What was Trump’s fever when he had it? Conley said the president has been fever-free over the last 24 hours. He said Trump had a fever Thursday into Friday but he would “rather not give any specific numbers” when asked for Trump’s actual temperature when he had the fever.
10h ago / 5:01 PM UTC
McConnell announces the Senate will not return until Oct. 19, Barrett confirmation hearings to go on as planned
After news that three GOP senators tested positive for Covid-19, Senate Majority Leader Mitch McConnell announced in a statement Saturday that the Senate will not come back into session until Oct. 19.
“On Monday, I intend to obtain a consent agreement for the Senate to meet in pro forma sessions for the next two weeks. Previously-scheduled floor activity will be rescheduled until after October 19th,” McConnell said.
The Senate had originally been scheduled to return to Washington next week.
The confirmation hearing process for Supreme Court nominee Judge Amy Coney Barrett will go on as planned,
A masked President Donald Trump walked across the White House lawn, gave a thumbs up to onlookers, and boarded a helicopter for Walter Reed Medical Center on Friday evening.
Earlier that day, Trump and First Lady Melania Trump had announced they tested positive for the coronavirus.
The president had also developed a fever, cough, congestion, and fatigue by the time he was admitted to the hospital, aides told The New York Times.
Trump will be staying at Walter Reed for “the next few days,” the White House said in a statement, adding that the decision came “out of an abundance of caution.”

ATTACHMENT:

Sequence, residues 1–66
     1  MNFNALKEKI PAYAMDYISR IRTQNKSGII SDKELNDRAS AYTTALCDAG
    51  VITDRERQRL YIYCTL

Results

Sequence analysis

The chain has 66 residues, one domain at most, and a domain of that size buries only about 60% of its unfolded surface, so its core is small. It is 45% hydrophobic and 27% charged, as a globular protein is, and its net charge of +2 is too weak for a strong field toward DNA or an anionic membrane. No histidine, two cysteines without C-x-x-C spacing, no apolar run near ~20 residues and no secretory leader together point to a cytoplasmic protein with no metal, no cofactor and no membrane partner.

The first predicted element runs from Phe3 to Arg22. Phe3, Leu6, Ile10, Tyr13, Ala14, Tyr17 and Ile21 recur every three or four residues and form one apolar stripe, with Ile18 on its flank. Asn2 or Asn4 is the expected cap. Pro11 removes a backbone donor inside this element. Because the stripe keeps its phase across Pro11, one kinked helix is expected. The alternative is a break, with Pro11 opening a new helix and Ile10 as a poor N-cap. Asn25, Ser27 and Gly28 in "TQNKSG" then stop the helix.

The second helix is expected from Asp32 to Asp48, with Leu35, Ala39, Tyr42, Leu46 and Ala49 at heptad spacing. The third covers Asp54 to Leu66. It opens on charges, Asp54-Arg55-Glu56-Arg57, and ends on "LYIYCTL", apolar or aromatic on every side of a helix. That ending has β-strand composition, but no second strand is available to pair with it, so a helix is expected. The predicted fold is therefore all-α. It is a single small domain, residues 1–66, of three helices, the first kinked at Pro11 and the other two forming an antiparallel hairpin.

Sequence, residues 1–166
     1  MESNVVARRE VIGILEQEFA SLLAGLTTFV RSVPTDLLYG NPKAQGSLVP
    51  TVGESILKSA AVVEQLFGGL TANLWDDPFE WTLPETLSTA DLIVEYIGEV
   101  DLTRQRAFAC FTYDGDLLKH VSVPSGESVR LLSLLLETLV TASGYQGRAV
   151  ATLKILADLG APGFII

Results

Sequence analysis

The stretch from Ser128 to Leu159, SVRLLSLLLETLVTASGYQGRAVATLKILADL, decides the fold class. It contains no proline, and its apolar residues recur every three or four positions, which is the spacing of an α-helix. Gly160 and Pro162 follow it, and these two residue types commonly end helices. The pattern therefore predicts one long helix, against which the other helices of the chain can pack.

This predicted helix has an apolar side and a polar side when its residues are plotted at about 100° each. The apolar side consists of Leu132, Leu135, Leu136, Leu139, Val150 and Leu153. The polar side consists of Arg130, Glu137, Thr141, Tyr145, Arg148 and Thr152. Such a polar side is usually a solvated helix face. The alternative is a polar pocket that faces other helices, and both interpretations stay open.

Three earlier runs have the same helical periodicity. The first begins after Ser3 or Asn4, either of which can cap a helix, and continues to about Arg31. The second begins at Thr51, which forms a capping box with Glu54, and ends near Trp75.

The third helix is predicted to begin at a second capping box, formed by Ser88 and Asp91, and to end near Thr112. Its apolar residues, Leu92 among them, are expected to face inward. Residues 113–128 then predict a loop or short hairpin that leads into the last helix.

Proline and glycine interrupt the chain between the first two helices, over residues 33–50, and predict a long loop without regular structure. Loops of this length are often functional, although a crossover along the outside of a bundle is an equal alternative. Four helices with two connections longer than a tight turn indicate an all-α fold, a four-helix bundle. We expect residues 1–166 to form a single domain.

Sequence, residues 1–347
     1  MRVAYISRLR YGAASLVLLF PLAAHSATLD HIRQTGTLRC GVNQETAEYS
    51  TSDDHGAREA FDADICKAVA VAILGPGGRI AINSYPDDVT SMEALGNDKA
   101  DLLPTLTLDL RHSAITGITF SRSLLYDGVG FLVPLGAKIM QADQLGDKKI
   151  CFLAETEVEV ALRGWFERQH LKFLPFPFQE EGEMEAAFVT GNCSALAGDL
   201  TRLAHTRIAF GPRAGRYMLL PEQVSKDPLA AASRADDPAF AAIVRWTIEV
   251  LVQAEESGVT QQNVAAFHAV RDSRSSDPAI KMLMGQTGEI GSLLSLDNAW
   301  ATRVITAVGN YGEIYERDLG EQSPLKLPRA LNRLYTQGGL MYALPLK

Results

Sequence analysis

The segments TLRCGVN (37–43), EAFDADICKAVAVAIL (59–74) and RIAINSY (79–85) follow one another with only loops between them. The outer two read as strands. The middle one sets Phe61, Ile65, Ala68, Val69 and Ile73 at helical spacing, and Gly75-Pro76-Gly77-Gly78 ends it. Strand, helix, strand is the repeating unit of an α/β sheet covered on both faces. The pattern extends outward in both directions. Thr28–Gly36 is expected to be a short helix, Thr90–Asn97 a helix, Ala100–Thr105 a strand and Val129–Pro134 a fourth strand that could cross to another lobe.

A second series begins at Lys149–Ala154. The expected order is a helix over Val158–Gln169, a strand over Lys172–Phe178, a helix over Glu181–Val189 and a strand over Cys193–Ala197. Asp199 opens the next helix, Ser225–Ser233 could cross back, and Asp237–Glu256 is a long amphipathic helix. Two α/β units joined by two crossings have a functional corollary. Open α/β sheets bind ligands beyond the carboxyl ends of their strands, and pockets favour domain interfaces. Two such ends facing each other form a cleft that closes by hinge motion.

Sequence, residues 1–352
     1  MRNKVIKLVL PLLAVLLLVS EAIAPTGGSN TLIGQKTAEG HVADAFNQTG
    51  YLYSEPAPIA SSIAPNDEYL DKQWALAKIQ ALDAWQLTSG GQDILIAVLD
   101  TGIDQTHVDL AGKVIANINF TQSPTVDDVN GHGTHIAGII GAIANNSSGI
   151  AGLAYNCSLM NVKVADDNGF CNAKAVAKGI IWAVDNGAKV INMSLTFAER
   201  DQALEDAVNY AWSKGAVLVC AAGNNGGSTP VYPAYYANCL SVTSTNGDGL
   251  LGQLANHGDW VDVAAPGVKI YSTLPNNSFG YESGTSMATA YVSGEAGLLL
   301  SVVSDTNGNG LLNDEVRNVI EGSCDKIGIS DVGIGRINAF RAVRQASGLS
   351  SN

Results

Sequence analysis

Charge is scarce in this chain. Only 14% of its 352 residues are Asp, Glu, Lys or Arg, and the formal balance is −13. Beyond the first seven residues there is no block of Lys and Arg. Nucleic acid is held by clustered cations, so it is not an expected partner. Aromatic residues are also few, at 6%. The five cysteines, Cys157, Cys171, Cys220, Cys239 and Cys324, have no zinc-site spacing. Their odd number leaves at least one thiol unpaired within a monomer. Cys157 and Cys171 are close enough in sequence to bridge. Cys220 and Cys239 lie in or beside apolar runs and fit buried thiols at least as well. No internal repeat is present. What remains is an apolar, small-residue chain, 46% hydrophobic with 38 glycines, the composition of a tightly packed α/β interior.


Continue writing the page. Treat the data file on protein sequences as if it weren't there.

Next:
But one unnamed administration official told the Times that it was better for Trump to leave while he could still walk to avoid the president being publicly assisted out of the White House if his condition turns severe.
If Trump gets better, the hospital stay will have ultimately been “inconsequential politically,” the Times’ Peter Baker and Maggie Haberman wrote.
“I think I’m doing very well, but we’re going to make sure that things work out,” Trump said in a brief video message shared Friday before he was hospitalized.
Hospitalization could point to worsening symptoms
Trump is a 74-yeas-old obese male — all factors that substantially increase his likelihood of severe illness and death from the coronavirus. The early hospitalization could be a sign that his condition has already begun to deteriorate, experts said.
“It might mean he’s now sleepy or confused… or, more likely, short of breath, cough and/or low oxygen level, indicating lung involvement,” Bob Watcher, Chair of the Department of Medicine at University of California San Francisco, tweeted on Friday. “Yes, the threshold to hospitalize the president is probably lower than for average person, but still – it’s not good.”
At this point, Watcher estimated the president’s risk of death to be greater than 10%.
At Walter Reed, Trump has received his first dose of the anti-viral drug remdesivir, White House physician Sean Conley said in a memo Friday night.
Remdesivir, developed by biotechnology giant Gilead Sciences, is given as a five-day or 10-day infusion. Studies have shown that it can help hospitalized patients with COVID-19 recover faster than they do with a placebo.
Before leaving for the hospital, Trump also received an injection of Regeneron’s experimental antibody drug, according to Conley.
A senior official told the Associated Press that the White House will not require face masks, even after President Donald Trump’s COVID-19 diagnosis.
The official said that wearing a mask or face-covering is a “personal choice.”
Top public health experts have repeatedly urged Americans to wear masks, touting them as the most powerful tool against the virus.
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A senior Trump administration official on Friday said masks will not be required in the White House, even after President Donald Trump was diagnosed with COVID-19, the Associated Press reported.